Jana Roberts’ life changed forever in the early morning hours of June 29, 2017.
She had been visiting her dad in Alabama with her two young sons, Kannon and Kipp, then 5 years old and 9 weeks old, respectively. It had been a pretty routine night for a mom of two young kids. She breastfed her newborn at 12:30 a.m. and put him back in his crib, and left money under Kannon’s pillow for the tooth he had just lost.
But, at 4:30 a.m., when Roberts went to check on Kipp, something was terribly wrong. “He wasn’t breathing,” Roberts, 37, tells PEOPLE. “I didn’t know what to do. Nothing registers in that moment. It’s pure panic … My dad did CPR, and I called 911.”
They rushed to the hospital where doctors tried to save Kipp, but tragically, it was too late and he passed away. Roberts would learn it was due to Sudden Infant Death Syndrome [SIDS].
“When they told me it was SIDS, I was like ‘what is that?’ ” she says. “They said, ‘Jana, we have more cases of SIDS then people realize.’ ”
Roberts’ husband, former New York Mets pitcher Grant Roberts, had been at the family’s Boise, Idaho home at the time. “It was the hardest call, I’ve ever had to make,” she says.
“I asked them what I could have done,” she says. “[The doctor] was like there is nothing you can do. I was just in there thinking, ‘How?’ I had videos of Kipp laughing and grinning from the night before and that was 12 hours before he passed. You’re just baffled.”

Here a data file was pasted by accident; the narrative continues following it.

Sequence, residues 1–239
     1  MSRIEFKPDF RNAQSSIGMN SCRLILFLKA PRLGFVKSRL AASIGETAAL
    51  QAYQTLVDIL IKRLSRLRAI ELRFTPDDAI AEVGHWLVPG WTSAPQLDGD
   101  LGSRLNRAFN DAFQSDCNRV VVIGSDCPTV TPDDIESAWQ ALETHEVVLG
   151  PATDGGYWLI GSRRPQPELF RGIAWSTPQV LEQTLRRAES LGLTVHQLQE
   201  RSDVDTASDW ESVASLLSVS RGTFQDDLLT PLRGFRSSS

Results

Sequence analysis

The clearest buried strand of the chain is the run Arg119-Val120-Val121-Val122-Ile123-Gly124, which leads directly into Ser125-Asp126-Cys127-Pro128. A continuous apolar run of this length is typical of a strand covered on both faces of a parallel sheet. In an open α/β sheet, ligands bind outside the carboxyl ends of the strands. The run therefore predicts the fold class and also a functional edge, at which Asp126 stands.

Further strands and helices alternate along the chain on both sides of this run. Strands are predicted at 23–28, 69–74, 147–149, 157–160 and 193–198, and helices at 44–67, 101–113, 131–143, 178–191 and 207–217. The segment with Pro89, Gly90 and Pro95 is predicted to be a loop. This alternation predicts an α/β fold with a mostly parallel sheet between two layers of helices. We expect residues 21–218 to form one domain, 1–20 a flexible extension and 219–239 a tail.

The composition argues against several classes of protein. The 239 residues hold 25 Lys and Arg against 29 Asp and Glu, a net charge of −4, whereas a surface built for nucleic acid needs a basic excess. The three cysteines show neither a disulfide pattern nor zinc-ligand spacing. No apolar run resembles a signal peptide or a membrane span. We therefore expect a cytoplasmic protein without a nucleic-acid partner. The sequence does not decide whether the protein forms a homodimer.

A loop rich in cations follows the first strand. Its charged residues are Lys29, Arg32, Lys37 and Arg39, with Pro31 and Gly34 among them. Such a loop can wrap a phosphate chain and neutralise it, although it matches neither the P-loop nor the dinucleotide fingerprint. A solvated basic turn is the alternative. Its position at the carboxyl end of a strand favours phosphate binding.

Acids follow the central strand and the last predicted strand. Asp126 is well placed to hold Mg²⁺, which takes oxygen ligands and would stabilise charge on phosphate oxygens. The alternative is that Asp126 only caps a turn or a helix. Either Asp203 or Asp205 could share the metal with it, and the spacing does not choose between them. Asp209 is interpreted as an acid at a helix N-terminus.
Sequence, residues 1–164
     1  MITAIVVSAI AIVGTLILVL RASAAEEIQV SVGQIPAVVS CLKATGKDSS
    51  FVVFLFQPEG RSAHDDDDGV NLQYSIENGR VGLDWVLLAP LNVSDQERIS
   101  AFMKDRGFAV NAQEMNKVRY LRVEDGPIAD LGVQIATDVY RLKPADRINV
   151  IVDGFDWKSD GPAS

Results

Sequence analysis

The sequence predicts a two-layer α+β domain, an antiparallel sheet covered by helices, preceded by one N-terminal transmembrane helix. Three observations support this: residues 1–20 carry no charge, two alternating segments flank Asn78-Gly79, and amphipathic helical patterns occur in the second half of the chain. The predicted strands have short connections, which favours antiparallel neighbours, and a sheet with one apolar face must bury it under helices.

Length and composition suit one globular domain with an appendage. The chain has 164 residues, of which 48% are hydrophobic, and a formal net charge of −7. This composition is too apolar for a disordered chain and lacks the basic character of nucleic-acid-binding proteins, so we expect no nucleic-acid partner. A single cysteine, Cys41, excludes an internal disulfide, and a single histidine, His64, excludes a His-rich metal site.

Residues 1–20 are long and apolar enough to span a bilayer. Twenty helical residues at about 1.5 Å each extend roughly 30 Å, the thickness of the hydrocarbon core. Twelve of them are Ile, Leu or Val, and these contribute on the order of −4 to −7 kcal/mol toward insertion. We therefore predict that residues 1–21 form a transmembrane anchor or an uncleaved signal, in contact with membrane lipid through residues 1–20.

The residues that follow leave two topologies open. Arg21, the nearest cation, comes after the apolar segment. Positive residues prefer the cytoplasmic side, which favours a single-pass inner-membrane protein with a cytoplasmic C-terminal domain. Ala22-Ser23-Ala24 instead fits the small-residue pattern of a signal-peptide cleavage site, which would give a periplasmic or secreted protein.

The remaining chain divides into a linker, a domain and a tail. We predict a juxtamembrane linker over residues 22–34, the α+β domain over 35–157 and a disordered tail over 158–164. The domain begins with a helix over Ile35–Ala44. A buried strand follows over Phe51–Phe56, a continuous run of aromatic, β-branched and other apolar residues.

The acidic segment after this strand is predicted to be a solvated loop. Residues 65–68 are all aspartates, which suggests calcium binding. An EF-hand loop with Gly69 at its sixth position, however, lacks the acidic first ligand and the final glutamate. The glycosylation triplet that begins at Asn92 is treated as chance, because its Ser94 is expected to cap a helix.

She added: “Once you come out of the fog, you start to research and it’s more common than is spoken about. It’s scary because there are no answers. It’s a silent killer.”
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Inspired to keep Kipp’s memory alive, and help other families, Roberts decided to take action. She reached out to Owlet, a brand that makes Smart Socks ($300), a device that tracks a baby’s oxygen and heart rate when they are sleeping, and alerts parents when it falls out of range.
“They said whatever you raise we’ll match you one to one,” she says. “In two months we had raised [enough for] eight and I was just elated.”
Roberts also started her own foundation, Kipps Kindness, which continues to raise money for the monitors. They are mostly distributed to families who have a rainbow baby, or whose babies have been in the NICU, have reflux issues or Respiratory Syncytial Virus (RSV).
Although the monitor cannot prevent SIDS, “Nothing on the market can,” says Roberts. “But, I tell people to use it as a tool, and to practice the ABC’s of the safe sleep practice,” she says, which are the baby should sleep Alone, on their Back and in a Crib.
“This is something to use as peace of mind. Something that can alert us if one of our little children’s breathing slows down … it can give as a chance to take action, instead of being too late.”
Starting the foundation in her son’s name has also been a source of support for Roberts.
“I needed an outlet to throw my grief into,” she says. “I try to keep in contact with the moms, because every time I send [a monitor] out it’s like a little piece of Kipp. It’s truly because of his life that they are receiving this. I have tons of moms who write me and tell me without you, I wouldn’t be able to sleep or every time I look at my little boy I think of you. You have a special bond with these moms because they appreciate the gift that Kipp has been able to give them.”